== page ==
BUSINESS

CEO Explains How To Defeat Donald Trump Without Stooping To His Level

Taking the high road.
Salesforce chairman and chief executive Marc Benioff, seen here with Hillary Clinton in 2014 at his company's Dreamforce conf
Salesforce chairman and chief executive Marc Benioff, seen here with Hillary Clinton in 2014 at his company's Dreamforce conference.

“What are we going to do about Trump?” That’s a question Salesforce chief executive Marc Benioff gets a lot these days from other CEOs and entrepreneurs, he told The Huffington Post.

His answer is unwavering: “If you want to defeat Donald Trump, and you’re that upset about him, then you should support Hillary Clinton, which is what I’m doing,” Benioff said.

An increasing number of business leaders are starting to openly criticize the reality star and presumptive GOP nominee, but Benioff’s strategy takes a higher road. The 51-year-old, already widely known for his social activism, hasn't made negative comments about Trump and instead devotes resources to supporting his opponent. 

Benioff was supporting Clinton long before it was clear that Trump would emerge as the presumptive Republican nominee, he pointed out. He hosted a fundraiser at his home in San Francisco earlier this year that he said netted $500,000 and has donated $2,700 to her campaign.

“I’m not supporting her because I’m against Trump,” he added, noting that he believes deeply in Clinton’s positions. He first came out in support of the candidate in March during an interview on CNN.

“She supports equality for all, including gender equality and pay, which is important to me,” Benioff told HuffPost. “She supports LGBT equality, which is important to my employees. I think she has the right economic policies and she is the most experienced candidate for the job. She’s more likely to do the right thing than anybody else.”

Benioff earned widespread recognition last year after publicly announcing there was a gender pay gap at his software company and that he would fix it. He then revealed he’d spent $3 million giving out raises to employees to ensure fair pay.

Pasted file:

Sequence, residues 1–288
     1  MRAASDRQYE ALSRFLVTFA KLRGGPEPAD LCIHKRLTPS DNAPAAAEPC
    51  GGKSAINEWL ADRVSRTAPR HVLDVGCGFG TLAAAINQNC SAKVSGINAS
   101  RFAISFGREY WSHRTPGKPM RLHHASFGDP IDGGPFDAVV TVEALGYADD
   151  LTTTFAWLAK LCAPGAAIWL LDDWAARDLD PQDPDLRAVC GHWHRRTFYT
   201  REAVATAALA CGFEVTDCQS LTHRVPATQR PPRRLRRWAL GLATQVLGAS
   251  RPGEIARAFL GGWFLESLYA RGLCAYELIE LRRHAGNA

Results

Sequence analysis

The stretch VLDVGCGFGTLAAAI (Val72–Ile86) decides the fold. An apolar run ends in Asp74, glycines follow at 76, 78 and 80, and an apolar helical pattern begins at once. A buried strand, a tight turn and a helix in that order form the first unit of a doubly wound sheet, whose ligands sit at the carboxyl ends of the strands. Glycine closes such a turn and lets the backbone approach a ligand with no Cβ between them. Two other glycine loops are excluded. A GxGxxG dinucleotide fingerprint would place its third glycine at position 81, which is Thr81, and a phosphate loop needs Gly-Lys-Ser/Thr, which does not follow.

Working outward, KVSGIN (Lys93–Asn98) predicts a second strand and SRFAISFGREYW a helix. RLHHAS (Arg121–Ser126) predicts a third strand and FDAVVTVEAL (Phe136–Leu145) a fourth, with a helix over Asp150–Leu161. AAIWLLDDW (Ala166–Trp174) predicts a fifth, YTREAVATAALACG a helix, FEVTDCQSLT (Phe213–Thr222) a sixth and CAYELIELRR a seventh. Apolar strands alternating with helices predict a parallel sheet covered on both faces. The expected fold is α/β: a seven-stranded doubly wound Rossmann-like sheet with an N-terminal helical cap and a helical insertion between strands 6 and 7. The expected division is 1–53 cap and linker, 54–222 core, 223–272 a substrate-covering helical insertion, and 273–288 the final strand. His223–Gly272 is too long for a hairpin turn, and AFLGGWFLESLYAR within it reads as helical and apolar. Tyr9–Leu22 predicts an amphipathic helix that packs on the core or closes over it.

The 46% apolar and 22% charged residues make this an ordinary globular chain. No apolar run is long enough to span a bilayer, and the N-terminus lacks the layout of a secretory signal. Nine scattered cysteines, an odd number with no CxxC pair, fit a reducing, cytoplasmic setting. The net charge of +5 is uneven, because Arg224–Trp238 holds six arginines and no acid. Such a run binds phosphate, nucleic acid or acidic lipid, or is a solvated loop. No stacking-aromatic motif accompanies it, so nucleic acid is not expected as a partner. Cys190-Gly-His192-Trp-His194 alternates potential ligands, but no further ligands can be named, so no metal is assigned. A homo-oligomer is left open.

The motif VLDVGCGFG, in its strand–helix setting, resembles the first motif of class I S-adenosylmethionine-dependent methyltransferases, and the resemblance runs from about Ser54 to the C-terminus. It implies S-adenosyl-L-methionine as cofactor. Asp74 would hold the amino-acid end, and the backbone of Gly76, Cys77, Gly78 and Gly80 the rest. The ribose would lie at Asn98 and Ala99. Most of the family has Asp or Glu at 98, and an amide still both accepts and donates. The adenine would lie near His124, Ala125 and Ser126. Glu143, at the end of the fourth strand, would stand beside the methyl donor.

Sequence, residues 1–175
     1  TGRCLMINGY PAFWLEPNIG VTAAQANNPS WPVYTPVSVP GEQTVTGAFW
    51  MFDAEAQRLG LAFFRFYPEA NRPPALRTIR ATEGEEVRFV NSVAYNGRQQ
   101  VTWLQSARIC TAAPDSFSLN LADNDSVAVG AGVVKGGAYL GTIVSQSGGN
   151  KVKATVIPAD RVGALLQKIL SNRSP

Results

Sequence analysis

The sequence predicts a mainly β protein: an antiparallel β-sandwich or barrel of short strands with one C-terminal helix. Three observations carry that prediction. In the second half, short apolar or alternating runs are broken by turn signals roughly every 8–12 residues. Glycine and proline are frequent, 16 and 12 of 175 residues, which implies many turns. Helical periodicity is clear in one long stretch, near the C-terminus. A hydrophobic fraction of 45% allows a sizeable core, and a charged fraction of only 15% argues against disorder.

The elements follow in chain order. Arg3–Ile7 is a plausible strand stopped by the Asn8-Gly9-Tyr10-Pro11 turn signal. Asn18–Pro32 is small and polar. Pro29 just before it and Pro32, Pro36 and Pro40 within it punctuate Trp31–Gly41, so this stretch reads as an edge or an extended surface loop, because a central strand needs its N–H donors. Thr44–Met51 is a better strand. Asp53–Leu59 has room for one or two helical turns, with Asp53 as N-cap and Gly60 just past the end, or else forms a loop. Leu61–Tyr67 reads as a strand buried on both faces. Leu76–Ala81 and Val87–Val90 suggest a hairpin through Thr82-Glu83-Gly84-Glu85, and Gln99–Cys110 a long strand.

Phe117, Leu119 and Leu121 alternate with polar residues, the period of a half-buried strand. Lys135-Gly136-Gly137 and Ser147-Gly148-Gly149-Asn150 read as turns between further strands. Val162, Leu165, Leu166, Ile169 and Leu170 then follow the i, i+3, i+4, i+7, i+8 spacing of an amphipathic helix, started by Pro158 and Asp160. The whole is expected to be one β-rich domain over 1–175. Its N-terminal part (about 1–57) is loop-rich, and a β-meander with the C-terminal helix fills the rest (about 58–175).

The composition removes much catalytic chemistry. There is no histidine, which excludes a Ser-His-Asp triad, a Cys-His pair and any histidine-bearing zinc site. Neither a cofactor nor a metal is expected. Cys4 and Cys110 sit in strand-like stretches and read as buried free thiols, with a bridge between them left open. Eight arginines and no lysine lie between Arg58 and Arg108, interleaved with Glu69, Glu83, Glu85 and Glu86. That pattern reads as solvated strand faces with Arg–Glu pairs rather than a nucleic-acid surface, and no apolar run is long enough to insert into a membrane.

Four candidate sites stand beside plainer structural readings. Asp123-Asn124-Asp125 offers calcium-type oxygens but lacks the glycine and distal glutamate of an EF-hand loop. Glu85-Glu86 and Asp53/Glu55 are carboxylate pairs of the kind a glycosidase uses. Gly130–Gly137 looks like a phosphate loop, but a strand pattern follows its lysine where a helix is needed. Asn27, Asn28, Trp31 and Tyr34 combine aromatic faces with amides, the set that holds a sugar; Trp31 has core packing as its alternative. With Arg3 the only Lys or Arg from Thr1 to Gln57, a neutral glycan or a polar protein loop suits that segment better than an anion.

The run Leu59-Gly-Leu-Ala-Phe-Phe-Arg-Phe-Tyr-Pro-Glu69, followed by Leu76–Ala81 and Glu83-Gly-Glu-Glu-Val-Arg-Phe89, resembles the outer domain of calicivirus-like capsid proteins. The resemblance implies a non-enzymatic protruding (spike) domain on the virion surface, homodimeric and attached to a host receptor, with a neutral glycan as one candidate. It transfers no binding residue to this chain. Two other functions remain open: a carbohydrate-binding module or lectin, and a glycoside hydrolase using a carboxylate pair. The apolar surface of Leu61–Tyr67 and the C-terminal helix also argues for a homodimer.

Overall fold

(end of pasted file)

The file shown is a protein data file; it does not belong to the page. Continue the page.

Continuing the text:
He’s since become a corporate leader on gender pay equity and a number of companies have followed suit, announcing their own pay audits. In January, he urged other chief executives to stop turning “a blind eye to what’s happening in their own corporations” during a conference call organized by the White House.

The chief executive also led a successful campaign to beat back several state laws that sought to legalize discrimination against LGBT people, earning wide acclaim and a profile in The Wall Street Journal, which credited him with kicking off a “new era of corporate social activism.”

Though the political activism that puts him in line with the Clinton campaign took shape over the last two years, he has long partnered with the Clinton Foundation on other philanthropic endeavors. In 2014, he donated $3.5 million to Too Small To Fail, an early childhood education campaign founded in part by the Bill, Hillary and Chelsea Clinton Foundation. The donation fostered a literacy program at the UCSF Benioff Children’s Hospital Oakland that helps low-income mothers teach their children to speak, read and sing.

“It’s been a huge success story,” Benioff said of the joint venture with Clinton’s charitable organization. “She realizes that a child’s health and education and fundamental ability to be a success starts prenatally.”

Not all his fellow CEOs are taking the speak-no-evil route when it comes to Trump. On Wednesday, venture capitalist Chris Sacca, an early Twitter investor, and billionaire Marc Cuban took part in some Trump bashing on Twitter.

And earlier this week Airbnb CEO Brian Chesky said Trump was on the wrong side of history when it comes to his policies on immigration.

Don’t expect Benioff to follow suit.

Honestly, I’m not [worried about Trump],” he told HuffPost. “I don’t think there’s any way Donald Trump will be president.”

Editor’s note: Donald Trump regularly incites political violence and is a serial liarrampant xenophoberacistmisogynist and birther who has repeatedly pledged to ban all Muslims — 1.6 billion members of an entire religion — from entering the U.S.

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